Chickens need extra grain to keep them warm and also to compensate for lack of grass and insects. Feed them cracked corn in the evening, it gives them something to digest keeping them warmer. to Keep them Warm all night
Keeping the coop filled with the recommended amount of chickens helps keep the temperature comfortable.
Chickens need water to digest their food properly. Make sure the birds have water … not ice.
Chickens usually pick up grit naturally from small pebbles they ingest while foraging around, scratching through the dirt in search of morsels to eat. The grit acts like “teeth” to help their gizzard “chew” their food. In winter, however, the ground may be frozen and too hard for a bird to dislodge any pieces to pick up grit naturally. In this case, it’s wise to make sure your birds have plenty of supplemental grit to help them digest their feed. Your flock will thank you for providing this digestive assistance on those cold winter days
In the coldest winter climates, you may find that breeds with large combs and wattles are prone to frostbite. To protect them, you can smear their combs and wattles with petroleum jelly. However, if your chickens do get frostbite, it is usually nothing serious as just the tips of the combs are affected—but it can look a little icky.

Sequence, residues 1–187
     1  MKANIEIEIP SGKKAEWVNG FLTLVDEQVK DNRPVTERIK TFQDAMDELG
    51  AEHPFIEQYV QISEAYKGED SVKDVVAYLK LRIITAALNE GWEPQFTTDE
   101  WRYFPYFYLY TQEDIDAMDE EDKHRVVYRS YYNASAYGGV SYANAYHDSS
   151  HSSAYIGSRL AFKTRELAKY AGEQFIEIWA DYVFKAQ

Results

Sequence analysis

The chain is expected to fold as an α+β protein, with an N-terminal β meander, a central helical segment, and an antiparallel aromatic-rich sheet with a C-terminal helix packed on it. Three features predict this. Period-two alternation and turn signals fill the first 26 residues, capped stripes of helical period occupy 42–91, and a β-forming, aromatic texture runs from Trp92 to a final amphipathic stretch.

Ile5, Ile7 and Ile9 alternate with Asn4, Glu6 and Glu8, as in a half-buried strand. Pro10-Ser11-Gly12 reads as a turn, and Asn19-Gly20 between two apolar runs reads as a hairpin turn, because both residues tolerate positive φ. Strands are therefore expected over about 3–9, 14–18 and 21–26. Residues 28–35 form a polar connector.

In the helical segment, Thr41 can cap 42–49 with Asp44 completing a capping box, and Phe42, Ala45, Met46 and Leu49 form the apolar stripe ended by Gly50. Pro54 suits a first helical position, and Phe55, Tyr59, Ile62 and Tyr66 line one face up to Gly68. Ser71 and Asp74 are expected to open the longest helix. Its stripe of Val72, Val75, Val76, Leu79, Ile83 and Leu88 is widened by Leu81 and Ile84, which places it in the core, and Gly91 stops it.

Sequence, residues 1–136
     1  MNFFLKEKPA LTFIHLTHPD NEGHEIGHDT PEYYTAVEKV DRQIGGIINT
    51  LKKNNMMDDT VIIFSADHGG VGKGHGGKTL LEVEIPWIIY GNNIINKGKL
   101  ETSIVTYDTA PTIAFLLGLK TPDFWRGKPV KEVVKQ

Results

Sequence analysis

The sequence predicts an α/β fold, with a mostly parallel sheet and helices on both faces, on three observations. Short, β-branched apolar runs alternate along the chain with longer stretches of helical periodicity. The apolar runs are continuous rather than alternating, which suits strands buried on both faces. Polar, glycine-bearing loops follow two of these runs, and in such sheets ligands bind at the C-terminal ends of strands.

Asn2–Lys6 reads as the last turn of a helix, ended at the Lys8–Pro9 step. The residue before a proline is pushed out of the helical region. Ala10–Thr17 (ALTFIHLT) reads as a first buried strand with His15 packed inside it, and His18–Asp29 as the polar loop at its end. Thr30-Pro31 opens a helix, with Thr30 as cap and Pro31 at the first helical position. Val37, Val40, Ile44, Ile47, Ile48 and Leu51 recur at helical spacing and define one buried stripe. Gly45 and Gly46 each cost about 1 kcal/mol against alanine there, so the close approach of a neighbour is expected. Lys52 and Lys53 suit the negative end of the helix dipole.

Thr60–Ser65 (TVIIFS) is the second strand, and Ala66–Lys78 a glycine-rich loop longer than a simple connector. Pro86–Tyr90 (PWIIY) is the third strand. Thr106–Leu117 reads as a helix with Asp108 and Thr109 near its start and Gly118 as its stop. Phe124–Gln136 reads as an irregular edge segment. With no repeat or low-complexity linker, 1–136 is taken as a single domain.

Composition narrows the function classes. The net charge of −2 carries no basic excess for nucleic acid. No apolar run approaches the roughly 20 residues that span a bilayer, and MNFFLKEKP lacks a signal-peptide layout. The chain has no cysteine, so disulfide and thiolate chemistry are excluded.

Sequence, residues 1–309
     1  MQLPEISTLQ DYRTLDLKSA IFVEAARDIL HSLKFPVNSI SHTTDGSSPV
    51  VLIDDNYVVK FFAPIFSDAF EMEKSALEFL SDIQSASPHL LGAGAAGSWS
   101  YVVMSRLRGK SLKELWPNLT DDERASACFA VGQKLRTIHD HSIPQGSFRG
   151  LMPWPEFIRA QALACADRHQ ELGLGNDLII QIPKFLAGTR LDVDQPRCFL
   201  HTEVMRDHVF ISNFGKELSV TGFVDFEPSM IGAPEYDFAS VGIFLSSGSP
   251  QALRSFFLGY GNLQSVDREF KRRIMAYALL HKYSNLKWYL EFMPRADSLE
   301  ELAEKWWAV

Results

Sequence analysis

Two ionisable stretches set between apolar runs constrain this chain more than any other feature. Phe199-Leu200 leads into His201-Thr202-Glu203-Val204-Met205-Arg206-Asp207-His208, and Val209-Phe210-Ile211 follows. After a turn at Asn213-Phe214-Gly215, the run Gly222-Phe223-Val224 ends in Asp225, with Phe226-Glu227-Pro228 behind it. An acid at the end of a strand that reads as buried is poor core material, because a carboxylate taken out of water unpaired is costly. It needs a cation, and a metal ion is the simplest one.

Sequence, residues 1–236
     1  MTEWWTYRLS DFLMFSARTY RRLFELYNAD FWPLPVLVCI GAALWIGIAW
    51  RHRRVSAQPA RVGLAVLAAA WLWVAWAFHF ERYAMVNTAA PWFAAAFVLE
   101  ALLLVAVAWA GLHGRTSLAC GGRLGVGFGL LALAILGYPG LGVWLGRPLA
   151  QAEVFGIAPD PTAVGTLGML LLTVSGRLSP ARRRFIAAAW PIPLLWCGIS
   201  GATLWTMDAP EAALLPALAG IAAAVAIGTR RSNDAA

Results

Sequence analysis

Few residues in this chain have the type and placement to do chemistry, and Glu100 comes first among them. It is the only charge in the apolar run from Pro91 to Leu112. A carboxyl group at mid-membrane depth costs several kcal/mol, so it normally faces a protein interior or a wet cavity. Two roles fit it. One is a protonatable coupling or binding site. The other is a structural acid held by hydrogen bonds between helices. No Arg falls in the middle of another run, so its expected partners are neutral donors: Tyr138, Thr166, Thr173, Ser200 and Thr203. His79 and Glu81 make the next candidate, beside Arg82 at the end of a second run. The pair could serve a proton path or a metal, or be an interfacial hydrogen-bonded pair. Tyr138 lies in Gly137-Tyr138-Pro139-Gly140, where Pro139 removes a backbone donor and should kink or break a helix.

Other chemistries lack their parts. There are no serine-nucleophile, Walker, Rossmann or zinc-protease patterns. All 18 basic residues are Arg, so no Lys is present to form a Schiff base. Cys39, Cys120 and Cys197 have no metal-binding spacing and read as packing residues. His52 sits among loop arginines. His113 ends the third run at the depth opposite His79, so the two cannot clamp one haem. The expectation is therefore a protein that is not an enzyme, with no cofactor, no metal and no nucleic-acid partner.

Chickens Don’t Have to Be Put Inside in Bad Weather
If chickens don’t want to be outdoors, they'll head into the coop. Just let them do what they want. They're hardier than you might think, and aren’t as averse to cold as people often assume. Don’t waste your time and energy trying to shoo them indoors during rain or snow.
Roosts Are Key. Chickens will roost together and fluff themselves out. This is what keeps them warm. It also keeps them off the cold ground—roost should be raised at least two or three feet above the earth. So make sure you have plenty of space for all your chickens to comfortably roost. Check on them in the evening with a flashlight—if a bird is on the ground, there’s not enough space.